When Do The Right Thing was released in 1989 a few white film critics worried that Spike Lee's film about the hottest day of the summer in Brooklyn's Bedford-Stuyvesant neighbourhood, which crescendos with a racially charged riot, would incite its audiences (implied black) to similarly riot. "Of course," writes Jason Bailey retrospectively in The Atlantic, "as we now know, Lee's canny examination of race relations did not incite riots in America's cities after it was released in the summer of 1989. Those riots came three years later, in spring of 1992—in response to a very different film, of four white officers beating the hell out of a black man, and to the acquittal of those officers by a (mostly white) jury."
The few wrongheaded critics severely misunderstood and underestimated both Lee and his audience. While full of passion and questions and not shy about articulating and referencing histories of imbalance and abuse, Do The Right Thing is not incendiary. It's got anger, yes, but it's not, itself, an angry film. Newsweek presaged the film would be "dynamite under every seat", when, in fact, Do The Right Thing is an expert disassembly of a bomb, a detailed schematic of the explosive situation that America – not just its black citizenry – finds itself in.
But let's consider Do The Right Thing as a film before we consider it as any sort of statement. As a big personality, Lee has always run the risk of overshadowing his own work, and as a result he's often considered more a commentator than filmmaker. But as pure cinema, Lee's third film is inimitably energetic and fun. Roving through the niches of the Bed-Stuy block, meeting its varied groups – a mix of individuals and choruses – Do The Right Thing takes its tone from classic Hollywood. The on-location Brooklyn takes on the feeling of an expansive soundstage set, giving the film a contained, theatrical vibe. The day-in-a-life span of the story and the to-camera monologuing intensifies the Hollywood Golden Age feel. In this first phase of his career, Lee was such an enthusiastic and unabashedly stylish filmmaker. Lee's purview and politics are of course important, but to watch his films as simply soapboxes is to deny yourself the full scope of his prowess.
While the commandment-sounding title might make Do The Right Thing seem didactic, the film is essentially interrogative. The big question being, well, what's the right thing to do? This one block in Bed-Stuy becomes a simulation for race relations throughout the country, as races, cultures, generations, and businesses argue their right to be there. The other essential question is asked: To whom does the neighbourhood belong? Who has more right to be there? In a predominately black neighbourhood, the two primary businesses are an Italian pizza shop – Sal's Famous – that's been in operation for 25 years and a newly opened Korean-owned corner store. The population itself is a mix of black, Hispanic, and the few gentrification-threatening white Celtics fans. Who owes what to whom? Racism is present from the get-go, but its familiar, harmless-feeling; the collateral damage of different cultures living in such a small space.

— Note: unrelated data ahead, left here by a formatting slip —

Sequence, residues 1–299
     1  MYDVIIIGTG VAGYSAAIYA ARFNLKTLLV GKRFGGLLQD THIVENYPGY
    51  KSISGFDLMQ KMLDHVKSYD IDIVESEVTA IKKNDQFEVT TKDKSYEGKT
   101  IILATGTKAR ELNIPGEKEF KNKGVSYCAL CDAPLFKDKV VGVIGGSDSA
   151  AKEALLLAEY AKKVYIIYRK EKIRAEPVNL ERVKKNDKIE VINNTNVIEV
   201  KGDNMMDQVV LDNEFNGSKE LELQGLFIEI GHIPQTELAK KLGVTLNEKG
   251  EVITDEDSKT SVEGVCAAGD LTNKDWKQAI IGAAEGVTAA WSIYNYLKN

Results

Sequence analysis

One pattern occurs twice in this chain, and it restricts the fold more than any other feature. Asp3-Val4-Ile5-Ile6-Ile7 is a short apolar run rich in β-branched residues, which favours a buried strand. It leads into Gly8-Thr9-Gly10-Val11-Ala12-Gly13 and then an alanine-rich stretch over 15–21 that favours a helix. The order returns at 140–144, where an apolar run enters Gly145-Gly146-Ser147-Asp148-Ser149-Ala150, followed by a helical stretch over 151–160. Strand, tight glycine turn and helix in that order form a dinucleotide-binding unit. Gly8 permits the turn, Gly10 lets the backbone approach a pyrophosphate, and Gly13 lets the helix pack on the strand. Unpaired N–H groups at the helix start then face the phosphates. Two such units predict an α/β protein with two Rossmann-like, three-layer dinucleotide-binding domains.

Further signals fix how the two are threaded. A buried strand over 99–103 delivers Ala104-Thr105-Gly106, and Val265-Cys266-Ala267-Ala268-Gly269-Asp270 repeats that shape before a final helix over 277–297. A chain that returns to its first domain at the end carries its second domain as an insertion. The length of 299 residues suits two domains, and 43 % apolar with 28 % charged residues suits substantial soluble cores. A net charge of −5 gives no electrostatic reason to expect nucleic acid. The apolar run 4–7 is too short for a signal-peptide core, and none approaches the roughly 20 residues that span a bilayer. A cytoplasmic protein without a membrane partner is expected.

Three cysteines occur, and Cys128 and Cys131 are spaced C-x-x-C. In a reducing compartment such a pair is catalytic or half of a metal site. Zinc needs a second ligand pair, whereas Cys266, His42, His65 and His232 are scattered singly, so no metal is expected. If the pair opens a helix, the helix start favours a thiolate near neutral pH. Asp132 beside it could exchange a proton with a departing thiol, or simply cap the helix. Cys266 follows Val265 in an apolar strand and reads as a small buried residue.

The blatant racism is key to Do the Right Thing. Lee equips all his characters with invective, strings of which get shot out before the final turn to violence. By displaying a stain of hate and resentment – themselves indicative of feelings of superiority – Lee brings us into the apparently controversial crescendo without any heros and villains.
The first jostle of the block's balance comes in Sal's Famous, which features a wall of fame featuring Italians of note, when a young man – Buggin' Out – points out, almost in passing, that a business with an almost exclusively black clientele should feature a few "brothers on the wall." “This is my pizzeria," Sal explains, "American-Italians on the wall only.” It's this fracturing of disparity, and this question about inclusivity and community onus, that – under the pressure of the hottest day of the year, ostensibly – that will, by the end tear the neighbourhood apart.
Exacerbation leads to lines being drawn, allegiances being made. A brawl finally breaks out between the Public Enemy-blasting Radio Raheem (who borrows The Night of the Hunters love/hate tattoos) and famous Sal. When the police show up, Radio is seen as the aggressor and chocked to death by the NYPD – a reference to the 1983 chocking of graffiti artist Michael Stewart, but decimatingly still relevant. In response, the black residents of the block destroy Sal's Famous – a conflagration triggered by the character with allegiances to the whole block: the pizza delivery boy, Mookie (played by Lee).
Upon its release, many critics sided with Sal, effectively valuing the damage of white property over the loss of black life. The consensus: Mookie did not do the right thing. In a move that seemed to echo the lost point, Danny Aiello received the Oscar for Best Supporting Role in an overwhelming black film – another passing detail that has never not become an issue.
The film ends with quotes from both Martin Luther King, Jr and Malcolm X, the former making a plea for peace, the latter leaving the door open for violence when necessary. Given these two competing purviews, it's confounding that anyone would misunderstand Lee's film as a blunt statement instead of an articulate and entertaining opening of what has always been and'll always be a difficult as hell conversation. What, given the country's hemmed-in mix of histories and priorities, is the right thing to do? The fact that Do the Right Thing still feels so fresh and relevant suggests that, in the 25 years since the film came out, no one has yet figured out exactly what the right thing to do is.
We're only left with the resonating demand of Samuel L. Jackson's Mister Senor Love Daddy: "YA NEED TO COOL THAT SHIT OUT! And that's the double truth, Ruth."
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